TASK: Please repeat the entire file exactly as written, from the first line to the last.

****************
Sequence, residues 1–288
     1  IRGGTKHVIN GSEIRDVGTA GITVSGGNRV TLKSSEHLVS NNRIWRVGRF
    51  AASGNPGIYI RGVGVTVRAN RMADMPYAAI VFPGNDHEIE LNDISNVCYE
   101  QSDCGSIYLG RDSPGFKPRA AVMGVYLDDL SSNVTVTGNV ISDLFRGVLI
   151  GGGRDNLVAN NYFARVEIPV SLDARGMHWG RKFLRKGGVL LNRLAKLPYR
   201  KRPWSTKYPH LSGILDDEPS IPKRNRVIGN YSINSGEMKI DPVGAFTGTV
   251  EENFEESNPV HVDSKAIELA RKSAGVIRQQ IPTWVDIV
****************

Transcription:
Sequence, residues 1–288
     1  IRGGTKHVIN GSEIRDVGTA GITVSGGNRV TLKSSEHLVS NNRIWRVGRF
    51  AASGNPGIYI RGVGVTVRAN RMADMPYAAI VFPGNDHEIE LNDISNVCYE
   101  QSDCGSIYLG RDSPGFKPRA AVMGVYLDDL SSNVTVTGNV ISDLFRGVLI
   151  GGGRDNLVAN NYFARVEIPV SLDARGMHWG RKFLRKGGVL LNRLAKLPYR
   201  KRPWSTKYPH LSGILDDEPS IPKRNRVIGN YSINSGEMKI DPVGAFTGTV
   251  EENFEESNPV HVDSKAIELA RKSAGVIRQQ IPTWVDIV